Still Searching for a CSA? Consider This...

For years, I would see a vegetable like okra or mustard greens in a grocery store and imagine what it would be like to make a delicious meal with such exotic ingredients. I was constantly promising myself that next week I would find recipes to fulfill my culinary fantasies. But as the weeks passed, it became obvious that I needed something else to get my creativity going. Fortunately, my fiancé knows me incredibly well, and he gave me a CSA subscription as a gift.

A CSA (Community Supported Agriculture) subscription is an investment in a farm through the purchase of a share of a farm’s yearly harvest. The most poplar model consists of only vegetables, but many farms have begun to offer additional products including fruit, meat, eggs, and even honey, by expanding their growing or partnering with other farms within the community. Since household sizes vary, many farms offer several sized shares to suit individual needs. Typical models require a commitment at the start of each year so farms can spread the uncontrollable risks of farming, such as weather and disease, across many investors. Younger farms also use this income as beginning cash flow at the start of each season.

Reflecting back on my first CSA subscription to Eatwell Farms in Northern California, I feel blessed to have begun with one of the best models I have found to date. We enrolled in a bi-weekly distribution, perfect for two people, made up primarily of vegetables, though it did include occasional fruit at peak season, or a surplus from neighboring farms. We also got a dozen eggs each week. We were regarded as part of a community in the largest sense of the word. We stopped by another member’s home on our designated pick-up day to get our goods, and we got to know other members through farm events like peanut-roasting, beer-drinking, and tomato-canning parties. We were also included in decisions like how to source chicken feed to match the majority interest of all subscribers. What's more was that the community-submitted recipes that graced the pages of our weekly newsletter (as well as the online community discussions) helped push my cooking skills to what I now proudly consider expert level. I looked forward to "Eatwell Fridays" more than I can express and literally cried at the thought of giving up my membership when I ventured away from the Bay Area.

In my experience as both a member of a CSA and a worker on a CSA farm, I've heard a wide array of feedback about the CSA model. But I can say emphatically that the perks of buying into a CSA far outweigh any inconveniences. Here are just a few:

  1. Seasonal eating will take on new meanings as you receive a bounty of each produce item as it reaches its prime. You will be as ecstatic to receive a surplus of red peppers, as you will be sad to see the potato season dwindle down in the fall.
  2. You will be pushed and rewarded to incorporate vegetables in your meals that have otherwise scared you away. You will also discover many ways to cook the same vegetable as your craving for variety kicks in at the start and end of the season.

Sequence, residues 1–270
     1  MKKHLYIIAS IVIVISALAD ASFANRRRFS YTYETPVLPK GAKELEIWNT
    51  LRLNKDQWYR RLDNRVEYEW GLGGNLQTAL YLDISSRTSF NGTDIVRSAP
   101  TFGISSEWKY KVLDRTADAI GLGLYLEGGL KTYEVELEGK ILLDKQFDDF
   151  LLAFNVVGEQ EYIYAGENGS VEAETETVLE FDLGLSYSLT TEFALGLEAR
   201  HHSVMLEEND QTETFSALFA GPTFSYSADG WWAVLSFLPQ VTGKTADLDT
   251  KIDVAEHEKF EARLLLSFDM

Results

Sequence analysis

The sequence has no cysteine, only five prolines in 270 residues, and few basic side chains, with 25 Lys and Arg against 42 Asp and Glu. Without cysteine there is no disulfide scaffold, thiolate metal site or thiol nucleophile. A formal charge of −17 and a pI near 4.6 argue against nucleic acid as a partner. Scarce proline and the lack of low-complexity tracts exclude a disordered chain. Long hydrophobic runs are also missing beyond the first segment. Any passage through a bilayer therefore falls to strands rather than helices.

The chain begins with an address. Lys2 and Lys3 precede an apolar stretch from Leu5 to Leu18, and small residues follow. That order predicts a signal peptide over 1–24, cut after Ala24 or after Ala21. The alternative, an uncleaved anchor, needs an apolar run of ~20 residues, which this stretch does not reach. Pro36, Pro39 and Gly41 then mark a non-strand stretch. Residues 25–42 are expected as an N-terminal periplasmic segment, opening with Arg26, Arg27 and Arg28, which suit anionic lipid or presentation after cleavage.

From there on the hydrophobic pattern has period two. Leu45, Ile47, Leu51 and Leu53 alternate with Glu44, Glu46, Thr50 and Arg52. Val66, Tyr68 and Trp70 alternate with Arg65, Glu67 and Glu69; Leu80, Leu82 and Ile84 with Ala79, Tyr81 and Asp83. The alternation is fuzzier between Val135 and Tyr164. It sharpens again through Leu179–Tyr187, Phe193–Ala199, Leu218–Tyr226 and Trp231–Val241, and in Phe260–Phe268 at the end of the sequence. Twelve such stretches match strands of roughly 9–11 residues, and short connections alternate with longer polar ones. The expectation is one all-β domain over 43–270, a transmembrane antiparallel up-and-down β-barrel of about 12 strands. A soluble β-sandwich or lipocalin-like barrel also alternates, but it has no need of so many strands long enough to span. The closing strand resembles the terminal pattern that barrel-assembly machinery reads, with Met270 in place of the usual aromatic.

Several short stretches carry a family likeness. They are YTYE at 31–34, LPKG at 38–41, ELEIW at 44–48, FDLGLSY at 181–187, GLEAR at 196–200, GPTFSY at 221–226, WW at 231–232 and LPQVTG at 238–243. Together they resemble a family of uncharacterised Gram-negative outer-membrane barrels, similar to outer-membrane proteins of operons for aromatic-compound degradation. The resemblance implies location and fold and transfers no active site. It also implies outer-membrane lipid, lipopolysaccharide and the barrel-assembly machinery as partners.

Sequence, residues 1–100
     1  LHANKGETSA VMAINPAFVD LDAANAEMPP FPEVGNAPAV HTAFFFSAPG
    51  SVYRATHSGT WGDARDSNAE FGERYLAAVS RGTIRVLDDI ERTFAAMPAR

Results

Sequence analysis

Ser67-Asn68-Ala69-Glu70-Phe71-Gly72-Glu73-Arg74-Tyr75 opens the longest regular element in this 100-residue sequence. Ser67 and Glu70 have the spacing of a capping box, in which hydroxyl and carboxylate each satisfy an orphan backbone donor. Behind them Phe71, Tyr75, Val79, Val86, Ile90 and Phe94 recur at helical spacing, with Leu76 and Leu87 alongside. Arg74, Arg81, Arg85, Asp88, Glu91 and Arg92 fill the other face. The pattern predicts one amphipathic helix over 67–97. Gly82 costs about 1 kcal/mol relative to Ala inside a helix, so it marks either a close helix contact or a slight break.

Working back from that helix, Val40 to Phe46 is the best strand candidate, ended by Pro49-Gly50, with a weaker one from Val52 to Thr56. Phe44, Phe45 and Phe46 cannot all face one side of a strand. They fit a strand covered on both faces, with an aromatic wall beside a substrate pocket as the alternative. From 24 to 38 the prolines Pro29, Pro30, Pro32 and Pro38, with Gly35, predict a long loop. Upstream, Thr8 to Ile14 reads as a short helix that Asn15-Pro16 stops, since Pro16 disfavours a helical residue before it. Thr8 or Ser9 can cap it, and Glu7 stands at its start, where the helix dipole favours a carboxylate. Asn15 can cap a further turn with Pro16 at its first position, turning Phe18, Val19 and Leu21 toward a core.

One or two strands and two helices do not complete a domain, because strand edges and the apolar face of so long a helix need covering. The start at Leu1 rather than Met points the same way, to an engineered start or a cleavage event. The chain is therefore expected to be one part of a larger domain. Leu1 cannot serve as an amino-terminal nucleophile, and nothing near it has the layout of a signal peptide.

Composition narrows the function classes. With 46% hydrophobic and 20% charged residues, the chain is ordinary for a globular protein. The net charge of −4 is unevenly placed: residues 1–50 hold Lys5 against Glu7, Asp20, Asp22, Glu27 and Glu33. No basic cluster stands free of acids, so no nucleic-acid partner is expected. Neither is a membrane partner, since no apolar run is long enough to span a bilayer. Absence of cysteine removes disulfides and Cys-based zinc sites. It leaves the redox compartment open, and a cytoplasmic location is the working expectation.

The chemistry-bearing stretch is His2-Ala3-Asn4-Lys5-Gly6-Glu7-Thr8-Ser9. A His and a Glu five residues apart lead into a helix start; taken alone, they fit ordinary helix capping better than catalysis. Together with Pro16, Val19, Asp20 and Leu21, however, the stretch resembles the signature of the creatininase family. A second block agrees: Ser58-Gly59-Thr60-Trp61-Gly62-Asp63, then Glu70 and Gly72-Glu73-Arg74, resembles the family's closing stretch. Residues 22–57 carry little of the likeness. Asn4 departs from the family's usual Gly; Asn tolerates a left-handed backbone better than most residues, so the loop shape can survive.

3. A membership is an avenue for getting to know your farmers and the methods they use, which is as important as organic regulation becomes increasingly cloudy. You will also be in the loop when its been a bad year for a certain crop due to weather or disease and learn to appreciate when nature’s wonders line up to grow amazingly fresh food.
  4. The amount you pay for produce each week is substantially lower than the costs of shopping in a grocery store and you will feel the savings, especially in the heart of the summer.
  5. You can find a membership option that suits your family’s needs and many farms have mastered setting themselves apart by establishing flexible options.

Simple Good and Tasty has put together a directory of CSAs to get you started on your search. I've listed some highlights here:

Featherstone Farm
As Lee wrote last month about Featherstone Farms, "CSA Coordinator Margaret Marshall is updating the farm’s website, and... plans to launch a series of social media initiatives, including videos, recipes, blog posts, and tweets, all in an effort to delight and engage Featherstone’s customers."

Clinton Falls Farm
It’s common to find farms that team up to provide an increased variety as Clinton Falls Farm does with O-Wata-Farm to provide eggs to their customers. (Other farms do it with honey, or maple syrup, or beef, or fruit.)

Foxtail Farm
If a large up-front cost is intimidating, and you don't mind getting your hands dirty, consider joining Foxtail Farm or a farm that offers hands-on work in exchange for a reduced membership rate.

Big Woods Farm
If you are looking to concentrate on the community aspect of being part of a CSA, consider a farm like  Big Woods Farm, which welcomes visitors and organizes events throughout the season, such as a fall squash and pumpkin potluck.

Laughing Stalk Farmstead
If the inability to choose your weekly selection is giving you pause, consider Laughing Stalk Farmstead, which gives you the option to "build your own box."

Please do your research when selecting a farm. Feel free to call the farm to ask questions or request references if the farm has offered a CSA in prior years. CSAs often work out best when there are no surprises besides the wonderful new vegetables that will become part of your weekly meals.

Alicia Jabbar is a self-described foodie, cook, and advocate for local and delicious foods. Alicia spent several years living in San Francisco, but last year spent seven months living and working on a farm on the East Coast. Now she's in Boulder, Colorado, where she is pursuing an opportunity to become an organic farmer. The single best aspect about food, she says, is the community it engages and the conversation it creates. We couldn't agree more.